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Success in business: What every new venture needs to do

Success in business: What every new venture needs to do
We New Zealanders have an entrepreneurial streak, but the same can't always be said of our commercialisation savvy. We chat to IP and commercialisation expert Paul Adams, the chief executive of EverEdge IP, about the basic ingredients of a viable venture.

We New Zealanders have an entrepreneurial streak, but the same can't always be said of our commercialisation savvy. We chat to IP and commercialisation expert Paul Adams, the chief executive of EverEdge IP, about the basic ingredients of a viable venture.

Where do New Zealand ventures tend to fall down?

There are three core ingredients to even start a venture: it must have a viable technology, it must a viable market and it must have a viable legal and intellectual property position.

In New Zealand you typically find that ventures focus a lot on technology development. We tend to overemphasise getting the technology just perfect. We tend to spend too little time on the next circle: the market – which is the value proposition. Does someone want it? Is it economic to solve this need?

But where we really fall down is that there is virtually no time spent on the third circle: legal and intellectual property. The questions here are things like: am I legally able to make this? Some products are outright illegal to manufacture. Or you might require regulatory approvals ie. pharmaceutical compounds. Or you might be restricted in terms of your ability to practice the technology, i.e. you're infringing somebody else's IP. Or might be able to make the product but your intellectual property position is very weak. In this case you’re in a catch-22: if you're not successful nobody copies you, but if you are successful everybody copies you because you have no IP to protect yourself.

They are all equally important but we tend to place too much on the product, not enough on the market and virtually no consideration on the importance of IP.

If IP is important at what point do you look at it as a factor?

You need to have a product and some concept of the market then you can look at that third Legal and IP circle. You don't have to have gone very far:once you've determined that the technology is feasible and there appears to be a market and that market is likely to be economic – at that point we say the technology has crystallised. This is the point when you look into the Legal and IP circle.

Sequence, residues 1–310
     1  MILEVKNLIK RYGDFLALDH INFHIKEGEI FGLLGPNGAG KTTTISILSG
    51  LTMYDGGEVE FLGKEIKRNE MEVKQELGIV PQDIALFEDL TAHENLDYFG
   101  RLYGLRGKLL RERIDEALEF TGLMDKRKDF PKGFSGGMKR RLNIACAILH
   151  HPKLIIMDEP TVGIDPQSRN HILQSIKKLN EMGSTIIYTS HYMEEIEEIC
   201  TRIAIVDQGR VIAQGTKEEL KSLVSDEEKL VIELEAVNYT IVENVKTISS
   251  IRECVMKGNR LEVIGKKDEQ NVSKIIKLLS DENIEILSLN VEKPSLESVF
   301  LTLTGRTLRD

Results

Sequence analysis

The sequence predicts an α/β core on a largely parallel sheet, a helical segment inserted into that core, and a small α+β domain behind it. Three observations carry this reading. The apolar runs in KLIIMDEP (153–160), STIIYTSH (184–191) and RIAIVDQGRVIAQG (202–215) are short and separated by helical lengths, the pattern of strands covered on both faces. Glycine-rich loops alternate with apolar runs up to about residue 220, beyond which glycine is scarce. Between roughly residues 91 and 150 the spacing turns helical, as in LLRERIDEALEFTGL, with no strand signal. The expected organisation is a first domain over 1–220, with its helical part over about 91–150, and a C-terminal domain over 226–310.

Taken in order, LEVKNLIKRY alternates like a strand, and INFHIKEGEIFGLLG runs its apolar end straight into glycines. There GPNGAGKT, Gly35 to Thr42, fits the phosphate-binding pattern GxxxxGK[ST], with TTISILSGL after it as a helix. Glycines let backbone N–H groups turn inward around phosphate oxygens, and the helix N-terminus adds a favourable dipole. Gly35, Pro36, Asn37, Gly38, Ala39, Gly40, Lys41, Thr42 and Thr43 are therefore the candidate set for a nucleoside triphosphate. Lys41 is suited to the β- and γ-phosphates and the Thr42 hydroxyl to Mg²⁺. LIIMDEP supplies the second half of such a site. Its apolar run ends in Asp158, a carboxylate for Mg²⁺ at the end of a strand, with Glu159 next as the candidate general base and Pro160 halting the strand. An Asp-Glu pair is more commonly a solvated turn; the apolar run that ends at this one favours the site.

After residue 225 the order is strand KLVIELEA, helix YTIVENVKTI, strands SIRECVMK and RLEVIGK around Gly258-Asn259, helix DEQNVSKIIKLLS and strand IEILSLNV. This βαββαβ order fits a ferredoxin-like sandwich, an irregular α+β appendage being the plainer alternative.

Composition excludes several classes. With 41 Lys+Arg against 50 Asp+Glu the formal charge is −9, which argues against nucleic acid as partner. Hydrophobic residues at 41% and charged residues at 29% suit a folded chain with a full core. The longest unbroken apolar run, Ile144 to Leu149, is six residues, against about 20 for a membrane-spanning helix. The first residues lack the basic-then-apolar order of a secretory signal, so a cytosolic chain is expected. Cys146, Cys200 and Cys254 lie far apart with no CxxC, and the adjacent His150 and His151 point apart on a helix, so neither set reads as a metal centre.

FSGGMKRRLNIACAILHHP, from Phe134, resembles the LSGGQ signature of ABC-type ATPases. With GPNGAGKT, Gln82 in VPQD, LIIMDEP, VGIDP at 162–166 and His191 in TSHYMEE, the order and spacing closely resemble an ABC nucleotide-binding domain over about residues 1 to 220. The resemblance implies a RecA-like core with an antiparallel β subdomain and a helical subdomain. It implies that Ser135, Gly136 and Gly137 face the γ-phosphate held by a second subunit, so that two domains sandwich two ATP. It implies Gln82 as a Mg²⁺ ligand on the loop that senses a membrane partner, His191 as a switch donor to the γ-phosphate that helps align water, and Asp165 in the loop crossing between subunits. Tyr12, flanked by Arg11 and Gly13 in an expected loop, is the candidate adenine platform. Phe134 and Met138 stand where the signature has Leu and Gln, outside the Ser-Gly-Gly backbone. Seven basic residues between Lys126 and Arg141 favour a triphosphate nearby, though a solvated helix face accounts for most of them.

You want to get into that third circle as early as possible because it gives you very valuable insight and market intelligence very early... if you research the legal and IP side and find that no-one whatsoever is developing this technology, then maybe your feasibility analysis is wrong or you’ll find what you thought was normal is really at the edge of the research field. This would be a good time to ask 'is there really a market for this?' There might or might not be but now you’re asking the right questions. You might find that what you thought was really new and innovative has been done hundreds of times before and is protected by dozens of patents – that might cause you to change some R&D, IP protection and spending decisions right?

Is IP all about patents?

No, not at all. There’s a big misconception out there that “IP = patents”, it’s simply not true. Most of the value and volume of IP in most businesses is in things like confidential information, know how, copyright and trade secrets.

That’s not to say that patents are unimportant - they can be very important and extremely valuable but it can be difficult to tell a good patent from a bad one. The problem is, most people who have something new go to their patent attorney and ask: “can I get a patent?” That’s like asking your barber “do I need a haircut?” You need to either make that decision yourself or work with someone independent who can assess the IP, the technology and figure out what the best way to really protect and commercialise it is. If at that point you conclude that you do need a patent then you go to the patent attorney.

In your view, are there any industries crying out for innovation right now?

There are opportunities absolutely everywhere. We see between 10-11 new ideas a week. I'm constantly amazed by the stuff that walks in our front door. The breadth covers the entire spectrum, from pharmaceutical compounds to mechanical devices to media to pure internet plays. It's quite extraordinary.